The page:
I’m the Co-Founder and President of Rare Bird, an internet marketing firm. I’ve recently had the opportunity, if you will, to experience a pretty significant sea change in my world, and it allowed me the chance to reflect on how we react to changes of all kinds.

A few months ago, one of my business partners left the company after 18 years. He was the very definition of a key man: with me from the beginning, he was an integral part of the way we ran the business, the success we’ve had, and the decisions we made. When the opportunity to run a family business came up, he discussed it with several trusted advisors and decided to make the leap. From my perspective, it was the right choice, even though it would require huge changes for his entire family — not to mention being incredibly disruptive for Rare Bird.

But instead of viewing his change as frightening and harmful, I worked to eventually see the possibilities it afforded. By focusing on what we could become, I was able to alter my perception of the impact of his departure. I believe there are three key mental shifts that helped me turn trepidation into excitement:


1.  Accept that change is constant.

While you may have been doing the ‘same’ thing for awhile, maybe even at the ‘same’ place, a cursory examination will reveal that there’s very little about it that remains exactly the same.

After spending the last 20 years working with people to sell their products, services, and ideas on the internet, I can tell you that change is a constant companion. Year to year, week to week — even day to day — the technology and techniques and interpersonal dynamics are in a constant state of flux. Though my industry may be more dynamic than yours, I suspect you’re experiences are similar (dare I say, the same?).


2.  Change your perception to change your response.

Some people hate change. I feel for them. To me, that is a little like saying “some people hate breathing,” because it’s as much a part of our experience. Since it’s something unavoidable (and necessary), facing it with dread and trepidation is incredibly counter-productive. Instead, I believe we’re much better served by simply embracing the flux as a fact and working to make ourselves, our processes, and our businesses as adaptable as possible. As the Kairos team might say, we need to manage the change.

But here is where the difficulty lies. We are, after all, creatures of habit (many of them bad). We like familiarity, manifested in our surroundings and the path we take through ‘normal’ days. How many of us have our favorite pair of jeans or a sweatshirt that’s been part of the wardrobe for years? Even our language is sprinkled with references we all readily understand: comfort food and comfort zones, for example. Seeking comfort is part of our natural equilibrium, as we’re always moving back to a point of least resistance.

In fact, our responses to change are where the biggest threats and opportunities lie, leading us back to the importance of change management. I believe that how we think about change may be the determining factor for how we cope with it.

It would be hard to overstate how powerful our perceptions can be. If left to our own devices, I believe many of us work from a default position that focuses on how bad things can get. But if we work to alter this view, we can harness the power of visualizing success. We can see changes — even big scary ones — for what they really are: opportunities for renewal.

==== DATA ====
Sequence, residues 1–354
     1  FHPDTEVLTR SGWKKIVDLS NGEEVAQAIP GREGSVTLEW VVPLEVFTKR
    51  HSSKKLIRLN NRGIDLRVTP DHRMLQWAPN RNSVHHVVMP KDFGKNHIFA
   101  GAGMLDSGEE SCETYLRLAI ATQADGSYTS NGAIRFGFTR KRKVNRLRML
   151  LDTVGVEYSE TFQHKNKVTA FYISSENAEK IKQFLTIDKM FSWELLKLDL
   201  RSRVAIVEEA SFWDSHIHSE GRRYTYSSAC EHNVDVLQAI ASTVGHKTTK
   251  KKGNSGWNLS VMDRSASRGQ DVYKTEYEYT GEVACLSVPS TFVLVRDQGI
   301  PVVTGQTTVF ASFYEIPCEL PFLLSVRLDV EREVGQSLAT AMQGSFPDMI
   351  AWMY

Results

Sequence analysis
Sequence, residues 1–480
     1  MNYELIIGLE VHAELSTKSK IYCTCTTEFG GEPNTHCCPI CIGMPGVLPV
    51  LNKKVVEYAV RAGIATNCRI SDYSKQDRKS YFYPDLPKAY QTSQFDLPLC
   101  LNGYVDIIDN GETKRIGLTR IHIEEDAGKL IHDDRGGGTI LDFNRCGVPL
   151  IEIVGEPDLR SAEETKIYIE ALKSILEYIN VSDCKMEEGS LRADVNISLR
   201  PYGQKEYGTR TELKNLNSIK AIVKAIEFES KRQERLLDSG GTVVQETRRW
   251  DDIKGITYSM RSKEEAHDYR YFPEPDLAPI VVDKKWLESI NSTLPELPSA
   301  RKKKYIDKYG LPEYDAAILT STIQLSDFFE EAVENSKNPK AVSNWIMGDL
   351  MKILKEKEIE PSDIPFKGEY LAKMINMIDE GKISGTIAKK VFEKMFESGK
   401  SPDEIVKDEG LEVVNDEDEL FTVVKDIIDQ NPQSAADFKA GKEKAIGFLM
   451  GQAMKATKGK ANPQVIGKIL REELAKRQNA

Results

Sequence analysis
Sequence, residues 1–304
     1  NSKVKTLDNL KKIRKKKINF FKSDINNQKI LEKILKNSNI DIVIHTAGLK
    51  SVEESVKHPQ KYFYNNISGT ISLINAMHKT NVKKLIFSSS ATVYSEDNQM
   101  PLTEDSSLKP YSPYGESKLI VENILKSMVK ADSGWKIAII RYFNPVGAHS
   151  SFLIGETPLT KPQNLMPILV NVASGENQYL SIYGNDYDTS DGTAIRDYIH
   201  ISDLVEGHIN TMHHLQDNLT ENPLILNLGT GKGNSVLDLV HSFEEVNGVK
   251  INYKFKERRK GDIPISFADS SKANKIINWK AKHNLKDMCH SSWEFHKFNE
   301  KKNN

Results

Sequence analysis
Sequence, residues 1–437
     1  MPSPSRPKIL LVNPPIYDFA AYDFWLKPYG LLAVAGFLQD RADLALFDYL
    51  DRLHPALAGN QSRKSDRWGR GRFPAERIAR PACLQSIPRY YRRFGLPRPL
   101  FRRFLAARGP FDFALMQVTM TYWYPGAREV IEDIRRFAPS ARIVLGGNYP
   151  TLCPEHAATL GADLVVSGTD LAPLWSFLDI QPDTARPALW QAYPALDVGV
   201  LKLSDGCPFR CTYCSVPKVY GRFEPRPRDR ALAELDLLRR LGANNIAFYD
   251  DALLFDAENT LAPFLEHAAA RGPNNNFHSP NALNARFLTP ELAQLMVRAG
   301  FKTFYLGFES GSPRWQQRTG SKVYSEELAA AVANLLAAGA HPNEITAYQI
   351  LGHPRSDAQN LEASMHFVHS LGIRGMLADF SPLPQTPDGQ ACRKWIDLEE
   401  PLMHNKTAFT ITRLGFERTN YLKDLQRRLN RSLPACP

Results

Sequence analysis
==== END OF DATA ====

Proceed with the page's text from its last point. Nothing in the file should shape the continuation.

3. Get out of your own head.

Confirmation bias is the natural proclivity to favor those things that serve to support your existing point of view. Because most of us are not always right, confirmation bias can be a big problem. It makes it harder to see the truth, especially when the truth is ‘uncomfortable.’

Altering your perception is difficult work that requires constant vigilance. It can be incredibly helpful to have someone outside your own noggin talk through things with you, such as a coach, trusted advisor, CEO group, or (shameless plug) the fine folks at Kairos. By working with someone who cares about your success enough to be completely honest, you can participate in the fierce conversations that enable you to find new and, very likely, better strategies for progress.

Here’s a timely exercise that might illustrate both the problems with confirmation bias and the benefit of finding alternate viewpoints. As you’re aware, we’re currently in the middle of a very strange election cycle. There’s certainly change on the horizon, and it’s already manifesting itself in the candidates running for President.

Now, ask yourself: If the election were today, for whom would I vote? Got it? Great. Now, open a web browser and go to ISideWith.com and take the 10-minute quiz. When you finish, the site will tell you which candidate you’re most closely aligned with based on your position on the issues. You may find that the result is perfectly aligned with your initial answer. You might also find something very surprising. I did.

Turns out my own confirmation bias was interfering with my actual beliefs.


When I take away the trash that’s in my head, I see that the path forward is very different than I thought. And that’s a change I can get excited about. I challenge you to cast a vote for turning trepidation into excitement the next time change comes a callin’. And that’s not if. That’s when.

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  1. Brilliant.

  2. Jim, excellent article. Great for us in the season of change we are experience at Lehman’s Terms and GuideCare! I liked the comparison of change to breathing, as both are part of our reality and human experience. It makes sense to go ahead and accept it. Thanks for sharing.